As of this morning, I had reached a point of stoic reserve about covering the whole ditching your MP3 player issue, a topic that I've been avoiding like the plague since it makes me depressed and nostalgic. Happily, I was saved at the last minute by an article about increased hearing loss in adolescents that the Journal of the American Medical Association (JAMA) posted yesterday.
As more and more people listen to music on the go, whether through their cell phones or dedicated MP3 players, innumerable ears are exposed an assault of audio through headphones. These listening implements aren't inherently bad, but they can contribute to hearing issues over time if certain precautions aren't taken. The following advice can help to ensure that you continue to hear all sound as nature intended it.
I feel that this should be an obvious point, but it always bears repeating: DON'T listen to your music at ear-splitting levels. The quickest and easiest way to damage your hearing is to expose your ears to overly-loud sounds, music or otherwise; this is the reason that people who work at factories (and some other loud locations) are often required to wear earplugs under local health and safety laws.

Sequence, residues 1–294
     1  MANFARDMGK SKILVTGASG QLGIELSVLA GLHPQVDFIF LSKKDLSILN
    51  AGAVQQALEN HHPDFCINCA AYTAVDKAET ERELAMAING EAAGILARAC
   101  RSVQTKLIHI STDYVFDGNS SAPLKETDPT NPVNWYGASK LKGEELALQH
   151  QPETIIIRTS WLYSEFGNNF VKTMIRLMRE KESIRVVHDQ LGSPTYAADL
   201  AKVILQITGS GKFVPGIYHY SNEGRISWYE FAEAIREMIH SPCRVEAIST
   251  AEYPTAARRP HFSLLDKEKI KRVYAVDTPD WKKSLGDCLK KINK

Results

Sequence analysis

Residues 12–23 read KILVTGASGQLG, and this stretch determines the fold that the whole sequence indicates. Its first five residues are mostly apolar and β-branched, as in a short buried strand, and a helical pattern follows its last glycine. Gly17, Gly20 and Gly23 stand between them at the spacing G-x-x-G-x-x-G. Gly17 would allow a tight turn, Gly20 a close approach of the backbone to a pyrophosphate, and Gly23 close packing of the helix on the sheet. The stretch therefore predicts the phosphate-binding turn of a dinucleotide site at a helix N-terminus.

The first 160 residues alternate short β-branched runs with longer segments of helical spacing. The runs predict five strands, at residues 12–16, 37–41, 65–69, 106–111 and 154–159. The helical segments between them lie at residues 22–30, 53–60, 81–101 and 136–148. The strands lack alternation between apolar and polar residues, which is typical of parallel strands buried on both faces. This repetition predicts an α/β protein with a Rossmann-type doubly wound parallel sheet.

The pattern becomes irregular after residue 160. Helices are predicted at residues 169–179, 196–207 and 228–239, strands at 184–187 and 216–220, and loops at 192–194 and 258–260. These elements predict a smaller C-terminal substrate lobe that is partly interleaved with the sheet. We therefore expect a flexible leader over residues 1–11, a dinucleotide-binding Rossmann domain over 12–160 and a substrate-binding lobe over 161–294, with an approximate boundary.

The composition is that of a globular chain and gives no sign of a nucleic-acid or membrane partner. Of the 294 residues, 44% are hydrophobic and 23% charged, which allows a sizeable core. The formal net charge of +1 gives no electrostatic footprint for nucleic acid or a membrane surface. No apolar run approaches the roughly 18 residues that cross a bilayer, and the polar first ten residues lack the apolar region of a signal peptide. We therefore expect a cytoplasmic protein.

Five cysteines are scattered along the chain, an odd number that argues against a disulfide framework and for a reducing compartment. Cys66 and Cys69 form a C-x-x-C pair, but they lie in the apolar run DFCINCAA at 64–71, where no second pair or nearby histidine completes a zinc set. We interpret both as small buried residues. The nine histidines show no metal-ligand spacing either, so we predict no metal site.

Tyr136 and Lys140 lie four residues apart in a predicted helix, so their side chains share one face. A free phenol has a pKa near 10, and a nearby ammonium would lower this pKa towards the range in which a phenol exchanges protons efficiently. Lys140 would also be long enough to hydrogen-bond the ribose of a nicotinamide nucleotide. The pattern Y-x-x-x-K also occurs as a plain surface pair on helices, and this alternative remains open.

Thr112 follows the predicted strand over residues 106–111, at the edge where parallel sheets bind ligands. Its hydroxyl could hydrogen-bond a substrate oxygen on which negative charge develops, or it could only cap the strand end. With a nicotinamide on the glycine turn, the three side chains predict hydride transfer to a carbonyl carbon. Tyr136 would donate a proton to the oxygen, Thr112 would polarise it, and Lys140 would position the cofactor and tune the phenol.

So how loud is too loud? Anything over 75 decibels, according to one study. Of course, it's tough for most consumers to accurately measure this; when in doubt, DO employ the volume limiting feature on your listening device. Apple's various iPods and most of Sony's Walkman players include this functionality. Alternatively, you can even pick up a pair of earbuds that ensure safe listening levels, such as the Ultimate Ears Loud Enough earphones.… Read more